I have never bothered looking for a budgeting journal because nothing ever fit the way my mind does things. Everything always has too many lines for this area and not enough for that area. Some budget books are super cute, but expensive. But I don’t have any desire to spend money on a journal that might not work for me.
My mom, bless her, knows I love to write and buys me about 4 blank hard bound journals a year so I have stashes of them. I grabbed one on January 3rd of this year determined to bring order and a system to our despicable financial chaos. Things weren’t good. Neither of us knew the due dates of bills and both of us had kind of resigned to just throwing some away without opening them because it was overwhelming. REALLY immature and shameful to admit that this is where we were as a couple, but to date we’ve paid off roughly $18,000 so God has used that embarrassment to motivate us to live a different lifestyle!!
Have you you heard of Dave Ramsey!? I took an enrichment class in high school where we learned his principles for an entire trimester and while I never applied them until 10 years later, I’ve never forgotten his snowball method. In January of 2017, a year ago, we thought about doing his 7 steps to financial freedom, which I’ll expand on in another post, but because I’m so extreme and Ryan is so balanced, we never could agree on anything. In January of THIS year, we said okay. Enough is enough. Let’s give ourselves plenty of space to LIVE, but let’s kick the debt and live a financially free life!
SO FOR THE PURPOSES OF BEING TACTFUL AND DISCREET, all numbers are fictitious. I just came upstairs to my bed and hammered out an exact replica of my budget journal with numbers I made up.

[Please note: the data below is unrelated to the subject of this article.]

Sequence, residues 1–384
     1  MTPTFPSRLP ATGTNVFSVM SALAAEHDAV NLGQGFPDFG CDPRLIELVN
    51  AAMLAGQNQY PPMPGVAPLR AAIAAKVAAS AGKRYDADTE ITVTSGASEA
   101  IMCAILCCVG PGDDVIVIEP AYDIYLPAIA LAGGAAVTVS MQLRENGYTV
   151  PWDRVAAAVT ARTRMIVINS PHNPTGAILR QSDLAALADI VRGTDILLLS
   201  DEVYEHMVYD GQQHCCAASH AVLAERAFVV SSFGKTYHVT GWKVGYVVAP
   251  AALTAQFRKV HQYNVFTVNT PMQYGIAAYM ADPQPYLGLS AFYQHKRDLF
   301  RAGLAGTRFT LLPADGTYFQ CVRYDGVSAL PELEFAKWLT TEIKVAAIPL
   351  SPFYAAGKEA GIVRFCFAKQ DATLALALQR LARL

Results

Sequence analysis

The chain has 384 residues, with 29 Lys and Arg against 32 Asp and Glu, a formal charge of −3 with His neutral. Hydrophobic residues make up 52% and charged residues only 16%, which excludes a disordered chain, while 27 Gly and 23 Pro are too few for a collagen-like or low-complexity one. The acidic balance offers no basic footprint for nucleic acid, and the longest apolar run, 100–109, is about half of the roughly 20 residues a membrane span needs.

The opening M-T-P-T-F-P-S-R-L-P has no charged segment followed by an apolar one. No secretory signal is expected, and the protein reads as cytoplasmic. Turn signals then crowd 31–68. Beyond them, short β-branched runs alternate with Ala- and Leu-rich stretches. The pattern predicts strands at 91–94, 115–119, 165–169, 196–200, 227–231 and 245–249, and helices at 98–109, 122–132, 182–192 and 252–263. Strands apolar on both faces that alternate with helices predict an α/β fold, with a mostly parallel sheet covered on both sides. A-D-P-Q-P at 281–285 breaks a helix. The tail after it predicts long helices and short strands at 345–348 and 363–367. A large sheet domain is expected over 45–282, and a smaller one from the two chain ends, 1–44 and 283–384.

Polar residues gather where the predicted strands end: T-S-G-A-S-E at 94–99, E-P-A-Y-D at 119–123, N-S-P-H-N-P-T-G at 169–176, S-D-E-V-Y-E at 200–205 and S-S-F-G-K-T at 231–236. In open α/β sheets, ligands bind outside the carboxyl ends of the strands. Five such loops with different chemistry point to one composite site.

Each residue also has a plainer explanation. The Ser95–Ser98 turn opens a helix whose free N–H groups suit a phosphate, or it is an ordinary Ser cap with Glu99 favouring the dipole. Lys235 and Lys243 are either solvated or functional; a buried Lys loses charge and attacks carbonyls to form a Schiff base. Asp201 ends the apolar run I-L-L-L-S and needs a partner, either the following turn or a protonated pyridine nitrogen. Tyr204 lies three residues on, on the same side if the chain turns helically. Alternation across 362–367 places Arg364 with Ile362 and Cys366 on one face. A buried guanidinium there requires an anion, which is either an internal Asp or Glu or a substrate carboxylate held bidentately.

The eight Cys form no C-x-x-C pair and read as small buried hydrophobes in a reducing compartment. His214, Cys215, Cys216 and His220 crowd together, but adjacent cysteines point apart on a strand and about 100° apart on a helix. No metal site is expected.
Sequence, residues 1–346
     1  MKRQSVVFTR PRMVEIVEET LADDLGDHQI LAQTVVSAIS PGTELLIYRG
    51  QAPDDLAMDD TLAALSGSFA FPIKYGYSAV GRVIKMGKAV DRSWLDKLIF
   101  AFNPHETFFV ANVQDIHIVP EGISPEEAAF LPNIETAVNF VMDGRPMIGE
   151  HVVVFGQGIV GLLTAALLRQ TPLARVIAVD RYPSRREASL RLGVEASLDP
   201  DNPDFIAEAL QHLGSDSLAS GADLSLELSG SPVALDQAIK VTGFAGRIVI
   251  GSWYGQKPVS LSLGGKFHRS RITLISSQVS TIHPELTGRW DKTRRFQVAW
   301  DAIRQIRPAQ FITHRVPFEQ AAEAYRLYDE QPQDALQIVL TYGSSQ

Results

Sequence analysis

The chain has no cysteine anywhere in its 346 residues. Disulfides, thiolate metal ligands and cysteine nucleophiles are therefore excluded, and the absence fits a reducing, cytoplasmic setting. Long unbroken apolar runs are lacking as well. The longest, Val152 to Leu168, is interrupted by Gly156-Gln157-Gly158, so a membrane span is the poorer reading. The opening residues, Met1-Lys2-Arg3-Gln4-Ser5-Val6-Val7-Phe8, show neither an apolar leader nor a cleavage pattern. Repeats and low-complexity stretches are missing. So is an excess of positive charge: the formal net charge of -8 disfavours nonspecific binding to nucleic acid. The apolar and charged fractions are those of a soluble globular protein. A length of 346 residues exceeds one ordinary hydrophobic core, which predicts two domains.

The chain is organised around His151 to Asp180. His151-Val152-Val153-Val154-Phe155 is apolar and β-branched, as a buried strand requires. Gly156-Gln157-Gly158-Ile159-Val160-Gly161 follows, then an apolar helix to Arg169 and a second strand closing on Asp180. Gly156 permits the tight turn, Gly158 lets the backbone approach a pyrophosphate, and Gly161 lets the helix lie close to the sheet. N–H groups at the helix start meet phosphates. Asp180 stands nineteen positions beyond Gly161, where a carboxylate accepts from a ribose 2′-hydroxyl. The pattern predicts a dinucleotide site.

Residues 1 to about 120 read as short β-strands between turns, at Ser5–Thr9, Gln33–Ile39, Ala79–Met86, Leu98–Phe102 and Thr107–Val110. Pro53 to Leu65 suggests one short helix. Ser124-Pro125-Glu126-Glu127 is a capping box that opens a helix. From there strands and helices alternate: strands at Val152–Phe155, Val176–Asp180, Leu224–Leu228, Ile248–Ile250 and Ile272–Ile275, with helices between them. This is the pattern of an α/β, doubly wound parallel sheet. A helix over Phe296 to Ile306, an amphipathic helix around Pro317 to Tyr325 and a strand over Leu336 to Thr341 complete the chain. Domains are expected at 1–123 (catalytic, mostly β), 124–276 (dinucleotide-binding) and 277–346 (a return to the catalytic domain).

Im honestly giddy about posting this because it has helped us so much, so let’s dive in!! The first picture I posted is what you’d see if you opened up my budget book, different numbers of course. But I have it laid out to make sense to me and so that my husband can open it and it is clear what is due on which date and how much. Very straight forward.
The second page is helpful with all account information and phone numbers or websites so that I can sit down each pay day and pay anything I can that is due in a two week time period, since I budget bi-weekly for us. Usually, I strap the kids into their car seats and drive around until the baby falls asleep, pull in somewhere for a few French fries and turn on the DVD player in the minivan so that I’m able to make my calls in peace.
I went ahead and wrote down every single pay date Ryan has (they aren’t the 1st and 15th of each month but for ease and speed in making this post I did that). Depending on whether or not he has overtime, his pay can change and I’ll write down what he made. This helps for two things, 1. when I make my bi-weekly budget, I can easily find from when-to-when the budget needs to be written for. 2. I can keep track of the income without having to search through my bank app or print statements. I also like having any work bonus or tax refund jotted down for reference.
The next page is all of the expenses that I know are going to happen each year, but that aren’t going to be monthly. Having an easy reference to them all allows me to jot myself a note in my budget: remember to save $$ for xyz next month. It’s amazing how scatter brained I can be about forgetting things that really add up. We pay $200 to get our taxes done every February, so in my REAL sinking fund list, I’ve got that. I’d probably forget all about it until the day came if it wasn’t in there.
I have all of my debts listed in ascending order because of how the snowball method works, BUT I also have whether or not something has interest or at which percent so that I can make a wise and informed choice about how I’m paying something off. This might not be Dave’s exact advice, and some people follow him to an absolute T, but for ME, I like to have it all in front of me about where my money will go next.